Received 8 May 2016; accepted 4 July 2016; published 8 July 2016
Learning and education can be defined both narrowly and broadly: they can occur either unconsciously or formally. Learning from informal sources and in an out-of-school environment has been found to be effective and motivating. Two classical books describing this phenomenon are Deschooling Society by Ivan Illich (1971) and The Unschooled Mind by Howard Gardner (1991) .
The methods of informal learning have traditionally been used in, for example, the teaching of biology (Falk, 1982; Goldschimdt, & Bogner, 2015) , geography learning (Rennie, Feher, Dirking, & Falk, 2003) , science education (Braund & Reiss, 2004), museology solutions (Melton, 1935) , mathematics (Fenyvesi, Koskimaa, & Lavicza 2015; Salmi, Vainikainen, & Thuneberg, 2015) and art education (Newsom & Silver, 1978) . The first essential research concerning informal education was clearly related to biology and field education (Falk, 1982; Bitgood, 1988) . Such results have since been multiplied in the literature (Braund & Reiss, 2007; Sturm & Bogner, 2010; Tran, 2011) . To advance public understanding of science, new forms of education were actively sought (Crane, Nicholson, Chen, & Bitgood, 1994; Rennie, Feher, Dirking, & Falk, 2003; Holbrook & Rannikmae, 2009; Frantz-Pittner, Grabner & Bachmann, 2011; Salmi, 2003; Salmi, Thuneberg, & Vainikainen 2015) . Learning does not take place only in the actual world of school but in the presented world of nature, parks, yards, science centres, gardens and the media, as well as through the virtual worlds of the internet and social media (Braund & Reiss, 2007). Despite this development, there has been less theoretical or empirical research in the informal sector (Osborne & Dillon, 2008) . Recently, informal learning has become a more accepted part of science education (Fenichel & Scheinburger, 2010) .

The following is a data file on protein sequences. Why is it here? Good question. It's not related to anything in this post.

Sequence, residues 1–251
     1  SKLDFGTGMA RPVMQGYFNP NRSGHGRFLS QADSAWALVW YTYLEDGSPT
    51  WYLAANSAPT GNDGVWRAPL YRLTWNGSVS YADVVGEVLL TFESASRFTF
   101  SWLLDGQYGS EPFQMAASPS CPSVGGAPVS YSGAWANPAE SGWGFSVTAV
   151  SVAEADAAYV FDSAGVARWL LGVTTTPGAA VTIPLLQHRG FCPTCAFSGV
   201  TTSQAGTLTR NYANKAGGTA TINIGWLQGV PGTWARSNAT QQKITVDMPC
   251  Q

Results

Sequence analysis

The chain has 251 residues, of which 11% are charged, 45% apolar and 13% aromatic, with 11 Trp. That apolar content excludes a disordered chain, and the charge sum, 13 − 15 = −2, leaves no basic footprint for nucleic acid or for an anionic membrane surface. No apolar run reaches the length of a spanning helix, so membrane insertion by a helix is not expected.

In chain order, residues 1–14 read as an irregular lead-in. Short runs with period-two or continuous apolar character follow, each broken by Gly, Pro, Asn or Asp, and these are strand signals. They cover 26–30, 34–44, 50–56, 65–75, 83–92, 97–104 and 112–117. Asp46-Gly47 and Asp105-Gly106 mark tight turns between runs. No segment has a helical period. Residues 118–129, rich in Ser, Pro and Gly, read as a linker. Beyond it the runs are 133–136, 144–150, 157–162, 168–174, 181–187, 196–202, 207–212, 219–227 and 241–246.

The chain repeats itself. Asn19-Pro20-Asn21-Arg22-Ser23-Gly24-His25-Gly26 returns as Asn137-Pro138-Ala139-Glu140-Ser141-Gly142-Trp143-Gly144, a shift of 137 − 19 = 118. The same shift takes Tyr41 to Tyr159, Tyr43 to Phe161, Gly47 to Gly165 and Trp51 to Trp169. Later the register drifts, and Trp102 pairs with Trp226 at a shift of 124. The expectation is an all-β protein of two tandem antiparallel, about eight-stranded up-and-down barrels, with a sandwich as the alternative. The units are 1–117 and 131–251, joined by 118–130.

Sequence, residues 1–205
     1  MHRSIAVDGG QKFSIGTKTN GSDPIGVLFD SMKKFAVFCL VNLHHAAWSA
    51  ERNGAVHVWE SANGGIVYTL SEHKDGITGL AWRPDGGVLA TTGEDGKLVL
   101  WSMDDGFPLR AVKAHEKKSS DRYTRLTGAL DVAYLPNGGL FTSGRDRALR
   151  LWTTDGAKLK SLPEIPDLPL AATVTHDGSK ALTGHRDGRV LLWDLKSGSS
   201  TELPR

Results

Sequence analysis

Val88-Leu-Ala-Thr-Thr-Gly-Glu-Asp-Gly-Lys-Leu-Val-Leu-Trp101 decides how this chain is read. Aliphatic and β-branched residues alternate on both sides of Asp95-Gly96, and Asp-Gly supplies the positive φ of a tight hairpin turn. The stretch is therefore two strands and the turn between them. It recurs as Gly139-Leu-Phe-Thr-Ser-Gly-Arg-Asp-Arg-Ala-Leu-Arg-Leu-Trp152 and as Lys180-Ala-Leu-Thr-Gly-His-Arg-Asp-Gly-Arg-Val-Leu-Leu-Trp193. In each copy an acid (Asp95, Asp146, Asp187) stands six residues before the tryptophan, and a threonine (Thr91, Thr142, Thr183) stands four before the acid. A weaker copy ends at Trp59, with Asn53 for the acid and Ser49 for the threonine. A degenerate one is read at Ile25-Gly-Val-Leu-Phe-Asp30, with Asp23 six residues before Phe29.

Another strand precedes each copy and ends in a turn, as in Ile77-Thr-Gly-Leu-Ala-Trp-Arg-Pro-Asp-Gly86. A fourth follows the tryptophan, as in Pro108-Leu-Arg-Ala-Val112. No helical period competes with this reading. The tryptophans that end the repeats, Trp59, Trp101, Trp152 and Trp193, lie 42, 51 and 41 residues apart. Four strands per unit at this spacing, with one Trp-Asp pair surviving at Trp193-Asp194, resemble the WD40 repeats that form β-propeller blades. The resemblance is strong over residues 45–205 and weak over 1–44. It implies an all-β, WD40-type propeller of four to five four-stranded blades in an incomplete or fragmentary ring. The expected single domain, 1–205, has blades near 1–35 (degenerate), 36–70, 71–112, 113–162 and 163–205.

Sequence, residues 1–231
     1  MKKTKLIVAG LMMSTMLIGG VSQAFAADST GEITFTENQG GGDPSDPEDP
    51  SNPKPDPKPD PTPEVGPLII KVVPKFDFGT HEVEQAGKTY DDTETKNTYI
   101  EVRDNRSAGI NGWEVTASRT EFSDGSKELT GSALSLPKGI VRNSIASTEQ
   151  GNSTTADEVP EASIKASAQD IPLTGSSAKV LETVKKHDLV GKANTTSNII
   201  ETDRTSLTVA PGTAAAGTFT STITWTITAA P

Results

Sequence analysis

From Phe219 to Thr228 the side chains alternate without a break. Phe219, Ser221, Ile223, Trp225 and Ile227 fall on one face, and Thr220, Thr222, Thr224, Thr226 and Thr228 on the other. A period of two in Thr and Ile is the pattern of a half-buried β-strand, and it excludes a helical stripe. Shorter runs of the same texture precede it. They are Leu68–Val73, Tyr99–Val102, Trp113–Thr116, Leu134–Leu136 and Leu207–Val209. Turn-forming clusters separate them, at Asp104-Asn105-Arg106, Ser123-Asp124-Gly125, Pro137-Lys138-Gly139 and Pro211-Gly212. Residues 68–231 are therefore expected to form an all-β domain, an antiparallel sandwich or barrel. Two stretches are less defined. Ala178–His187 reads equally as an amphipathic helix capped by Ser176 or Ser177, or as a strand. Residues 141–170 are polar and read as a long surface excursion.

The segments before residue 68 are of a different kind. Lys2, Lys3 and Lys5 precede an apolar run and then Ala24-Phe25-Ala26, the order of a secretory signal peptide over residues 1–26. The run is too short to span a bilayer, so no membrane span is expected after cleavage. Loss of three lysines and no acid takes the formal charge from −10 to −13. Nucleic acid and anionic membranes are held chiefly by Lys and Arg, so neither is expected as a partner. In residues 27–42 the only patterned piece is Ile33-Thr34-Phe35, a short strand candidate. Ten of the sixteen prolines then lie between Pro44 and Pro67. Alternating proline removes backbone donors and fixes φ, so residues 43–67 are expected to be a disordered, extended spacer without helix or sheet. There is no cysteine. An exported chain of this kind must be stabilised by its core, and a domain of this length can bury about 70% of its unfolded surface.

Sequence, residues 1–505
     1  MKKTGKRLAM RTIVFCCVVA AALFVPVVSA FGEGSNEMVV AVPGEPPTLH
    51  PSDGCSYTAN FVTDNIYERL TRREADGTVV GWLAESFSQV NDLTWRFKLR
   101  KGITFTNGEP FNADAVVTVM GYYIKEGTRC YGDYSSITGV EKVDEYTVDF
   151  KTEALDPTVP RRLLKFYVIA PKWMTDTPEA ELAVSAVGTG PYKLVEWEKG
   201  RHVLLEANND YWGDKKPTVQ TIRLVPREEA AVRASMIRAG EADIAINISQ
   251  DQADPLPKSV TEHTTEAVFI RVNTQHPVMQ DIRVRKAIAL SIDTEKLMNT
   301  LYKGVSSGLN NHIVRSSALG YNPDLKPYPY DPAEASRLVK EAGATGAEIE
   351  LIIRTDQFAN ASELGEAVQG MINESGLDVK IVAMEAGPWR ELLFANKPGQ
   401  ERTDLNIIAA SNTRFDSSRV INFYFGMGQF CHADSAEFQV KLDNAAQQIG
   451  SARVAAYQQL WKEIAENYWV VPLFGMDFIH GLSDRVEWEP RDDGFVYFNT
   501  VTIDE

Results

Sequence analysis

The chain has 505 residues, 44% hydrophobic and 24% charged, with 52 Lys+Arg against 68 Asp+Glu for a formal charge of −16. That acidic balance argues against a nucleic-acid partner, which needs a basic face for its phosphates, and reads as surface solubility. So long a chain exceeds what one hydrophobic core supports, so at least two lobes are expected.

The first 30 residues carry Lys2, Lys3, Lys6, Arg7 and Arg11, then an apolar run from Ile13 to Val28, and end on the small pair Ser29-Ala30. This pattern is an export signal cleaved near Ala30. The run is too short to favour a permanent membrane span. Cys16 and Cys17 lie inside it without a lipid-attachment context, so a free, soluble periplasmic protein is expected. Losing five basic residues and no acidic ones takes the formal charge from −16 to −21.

The terminology of informal education is variable due to, on the one hand, the slight difficulties caused by differences in school systems and, on the other, some translation problems. However, it was well defined in the UNESCO report Learning to Be-The Faure Report in 1968.
The recent boom in informal learning has not changed the view at the terminological level. However, out-of- school education is yet another essential term. It means education that happens during school time and according to the curriculum but uses settings and institutes other than the physical school building (Figure 1).
Out-of-school education is also a term included in school legislation in several countries. Out-of-school education often uses informal education sources for formal education. It forms a pedagogical link between formal education and informal learning (Salmi, 1993; Rennie et al., 2003; Braund & Reiss, 2007; Rennie, 2014; Salmi, Thuneberg, & Vainikainen, 2015) . Outdoor education is one form of out-of-school education and will be looked at next.
Outdoor education is an educational method that is widely used all over the world. However, the concept outdoor education has many meanings (Rickinson, Dillon, Teamey, Morris, Choi, Sanders, & Benefield, 2004; Bilton, 2010) . In some countries, the term “outdoor education” is nearly a synonym for “environmental education” (Neal & Palmer, 1990) . Through emphasising the role of experience and emotion it has been connected with adventure education and camping (D’Amato & Krasny, 2011) . Outdoor education is often used to teach biology and geography, but it can be used as an integrative element in other school subjects as well (Catling, 1998; Richardson, 1998; Job, 1999; Lambert & Balderstone, 2010) . In addition, it is well known that in biology there are plenty of themes that are easier to understand and learn in nature than in the classroom (Barker, Slingsby, & Tilling, 2002; Falk, 2005) .
Limited connections to nature during childhood may influence children and their environmental behaviour (Özden, 2008; Larson, Green, & Castleberry, 2009) . The environment, outdoor space and children’s age, as well as curriculums and teachers’ views influence how outdoor learning and teaching are carried out (Rickinson et al., 2004) . For example, technological developments (mobile phones, social media, e-tagging; see